updated 12/23/2008 11:31:22 AM ET 2008-12-23T16:31:22

A new study reveals why crying can feel so pointless.

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Psychologists at the University of South Florida and Tilburg University, Netherlands, analyzed volunteers' detailed accounts of more than 3,000 recent crying episodes and found that the benefits of crying depend entirely on the what, where and when of a particular crying episode.

For example, the effects of crying depend on who is shedding the tears. A majority of the volunteers reported improvements in their mood after a crying session, possibly from receiving social support during their episode. However, one third of the survey participants reported no improvement in mood and a tenth felt worse after they cried their emotions out.

Individuals with anxiety or mood disorders were least likely to experience the positive effects of crying.

Also, the researchers report that people who lack insight into their emotional lives (a condition known as alexithymia) actually feel worse after crying. This suggests that a lack of emotional insight may restrict the mind’s ability to transform an upsetting moment into something positive.

These findings are detailed in the December 2008 issue of the journal Current Directions in Psychological Science.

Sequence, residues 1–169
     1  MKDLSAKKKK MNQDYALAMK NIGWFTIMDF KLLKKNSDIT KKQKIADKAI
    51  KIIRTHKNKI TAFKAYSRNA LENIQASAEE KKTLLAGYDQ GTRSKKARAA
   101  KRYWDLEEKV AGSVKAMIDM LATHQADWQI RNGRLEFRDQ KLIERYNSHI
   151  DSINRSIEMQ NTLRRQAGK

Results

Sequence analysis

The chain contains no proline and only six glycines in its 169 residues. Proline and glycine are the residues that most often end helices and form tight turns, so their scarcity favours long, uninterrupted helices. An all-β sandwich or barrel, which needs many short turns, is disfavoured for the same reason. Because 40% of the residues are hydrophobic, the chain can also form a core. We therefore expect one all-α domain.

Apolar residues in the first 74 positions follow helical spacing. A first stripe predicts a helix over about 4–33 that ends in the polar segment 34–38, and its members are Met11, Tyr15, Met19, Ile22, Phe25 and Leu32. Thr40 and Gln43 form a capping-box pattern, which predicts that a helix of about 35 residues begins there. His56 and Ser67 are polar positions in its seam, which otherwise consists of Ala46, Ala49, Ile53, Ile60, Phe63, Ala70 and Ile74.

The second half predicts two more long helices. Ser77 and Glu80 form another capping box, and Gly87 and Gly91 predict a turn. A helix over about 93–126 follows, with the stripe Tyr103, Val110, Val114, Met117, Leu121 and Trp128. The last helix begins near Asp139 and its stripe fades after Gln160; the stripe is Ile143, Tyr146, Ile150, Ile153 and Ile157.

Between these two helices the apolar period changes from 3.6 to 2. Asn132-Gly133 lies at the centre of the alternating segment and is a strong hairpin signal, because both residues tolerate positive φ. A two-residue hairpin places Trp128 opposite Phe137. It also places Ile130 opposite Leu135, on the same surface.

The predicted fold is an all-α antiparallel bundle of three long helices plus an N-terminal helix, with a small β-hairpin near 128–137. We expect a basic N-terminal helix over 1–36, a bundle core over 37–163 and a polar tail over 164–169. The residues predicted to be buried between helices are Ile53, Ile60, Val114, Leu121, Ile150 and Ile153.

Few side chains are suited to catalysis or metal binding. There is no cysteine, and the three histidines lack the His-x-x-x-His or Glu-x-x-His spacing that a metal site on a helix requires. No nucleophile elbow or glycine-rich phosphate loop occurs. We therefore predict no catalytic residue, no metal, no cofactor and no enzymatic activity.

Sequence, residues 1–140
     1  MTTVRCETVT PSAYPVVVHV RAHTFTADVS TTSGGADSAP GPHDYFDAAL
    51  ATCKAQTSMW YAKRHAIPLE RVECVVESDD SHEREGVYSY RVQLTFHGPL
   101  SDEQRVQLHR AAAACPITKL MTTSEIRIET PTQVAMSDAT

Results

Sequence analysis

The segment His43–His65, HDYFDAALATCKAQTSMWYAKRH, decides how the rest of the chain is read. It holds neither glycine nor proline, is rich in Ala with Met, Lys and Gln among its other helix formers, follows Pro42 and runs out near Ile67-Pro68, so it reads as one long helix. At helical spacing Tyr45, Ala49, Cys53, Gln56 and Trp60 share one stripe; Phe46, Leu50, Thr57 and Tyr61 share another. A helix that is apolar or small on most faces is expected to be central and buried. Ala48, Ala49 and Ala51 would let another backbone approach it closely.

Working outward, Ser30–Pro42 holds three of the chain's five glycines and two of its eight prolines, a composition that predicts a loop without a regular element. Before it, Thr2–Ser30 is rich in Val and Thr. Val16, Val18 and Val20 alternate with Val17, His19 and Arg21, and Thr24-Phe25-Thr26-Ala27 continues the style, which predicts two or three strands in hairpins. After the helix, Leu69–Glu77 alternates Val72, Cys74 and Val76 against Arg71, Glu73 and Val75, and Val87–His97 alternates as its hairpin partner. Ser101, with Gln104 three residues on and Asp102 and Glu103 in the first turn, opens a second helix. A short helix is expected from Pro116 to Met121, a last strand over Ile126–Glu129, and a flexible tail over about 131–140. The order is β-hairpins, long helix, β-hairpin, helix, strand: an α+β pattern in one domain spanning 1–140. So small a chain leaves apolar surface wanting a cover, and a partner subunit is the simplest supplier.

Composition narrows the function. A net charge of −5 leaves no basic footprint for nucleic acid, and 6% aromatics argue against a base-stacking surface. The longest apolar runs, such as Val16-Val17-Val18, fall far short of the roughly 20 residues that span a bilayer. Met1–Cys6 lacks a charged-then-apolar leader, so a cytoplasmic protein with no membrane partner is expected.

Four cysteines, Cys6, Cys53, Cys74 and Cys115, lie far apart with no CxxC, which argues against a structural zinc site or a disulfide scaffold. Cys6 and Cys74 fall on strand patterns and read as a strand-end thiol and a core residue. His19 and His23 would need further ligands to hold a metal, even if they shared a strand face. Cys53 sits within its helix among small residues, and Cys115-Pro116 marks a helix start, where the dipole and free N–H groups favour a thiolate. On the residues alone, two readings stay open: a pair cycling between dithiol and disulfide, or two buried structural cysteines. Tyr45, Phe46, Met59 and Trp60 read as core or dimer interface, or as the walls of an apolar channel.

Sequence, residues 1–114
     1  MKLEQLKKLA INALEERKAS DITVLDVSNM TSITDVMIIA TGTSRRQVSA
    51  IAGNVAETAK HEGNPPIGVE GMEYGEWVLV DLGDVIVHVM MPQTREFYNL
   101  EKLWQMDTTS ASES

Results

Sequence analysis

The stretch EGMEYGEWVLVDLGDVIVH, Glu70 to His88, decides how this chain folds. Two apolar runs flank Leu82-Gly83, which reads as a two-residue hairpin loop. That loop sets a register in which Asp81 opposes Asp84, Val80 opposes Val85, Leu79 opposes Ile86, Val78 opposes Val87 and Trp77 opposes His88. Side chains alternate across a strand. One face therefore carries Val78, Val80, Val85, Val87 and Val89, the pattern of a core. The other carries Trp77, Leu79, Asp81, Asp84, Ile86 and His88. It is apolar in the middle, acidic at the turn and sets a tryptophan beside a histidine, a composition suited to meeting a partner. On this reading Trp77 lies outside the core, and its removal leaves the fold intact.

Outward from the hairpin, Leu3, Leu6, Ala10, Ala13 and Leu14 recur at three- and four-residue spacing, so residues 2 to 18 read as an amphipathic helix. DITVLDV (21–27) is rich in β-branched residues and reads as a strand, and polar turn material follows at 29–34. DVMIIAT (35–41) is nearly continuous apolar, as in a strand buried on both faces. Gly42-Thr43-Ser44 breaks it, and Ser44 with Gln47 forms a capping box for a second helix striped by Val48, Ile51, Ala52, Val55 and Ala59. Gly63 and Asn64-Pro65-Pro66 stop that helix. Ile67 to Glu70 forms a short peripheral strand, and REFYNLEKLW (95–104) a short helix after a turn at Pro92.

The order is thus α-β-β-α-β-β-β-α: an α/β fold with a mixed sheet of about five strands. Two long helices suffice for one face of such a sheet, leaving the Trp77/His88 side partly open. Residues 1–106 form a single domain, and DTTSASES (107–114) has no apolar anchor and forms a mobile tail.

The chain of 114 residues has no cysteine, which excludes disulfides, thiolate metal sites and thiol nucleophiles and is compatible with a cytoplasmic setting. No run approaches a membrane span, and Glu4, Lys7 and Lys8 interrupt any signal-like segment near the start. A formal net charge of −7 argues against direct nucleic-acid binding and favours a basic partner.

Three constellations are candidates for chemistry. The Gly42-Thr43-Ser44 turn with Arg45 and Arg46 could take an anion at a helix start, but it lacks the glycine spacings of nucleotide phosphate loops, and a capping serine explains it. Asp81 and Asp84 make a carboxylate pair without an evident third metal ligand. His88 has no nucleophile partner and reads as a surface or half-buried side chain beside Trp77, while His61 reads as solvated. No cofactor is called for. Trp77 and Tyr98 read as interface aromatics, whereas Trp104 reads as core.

Pleasant memories of crying
Humans' propensity to shedding tears has had psychologists scratching their heads for a while. The question is how such a simple behavior as crying could benefit us.

It turns out that crying specifically helps control breathing to overcome the body’s negatively aroused state, University of South Florida researchers Jonathan Rottenberg and Lauren M. Bylsma and their Tilburg colleague found.

When a person experiences overwhelming stress and arousal, his or her heart rate increases and body begins to sweat. But as a person cries, his or her breathing slows, rendering a calming effect, Rottenberg said.

When the body tries to calm itself, the calming effect usually lasts longer than the unpleasant stress reaction that is associated with it, he said, suggesting why people tend to remember mostly the pleasant side of crying.

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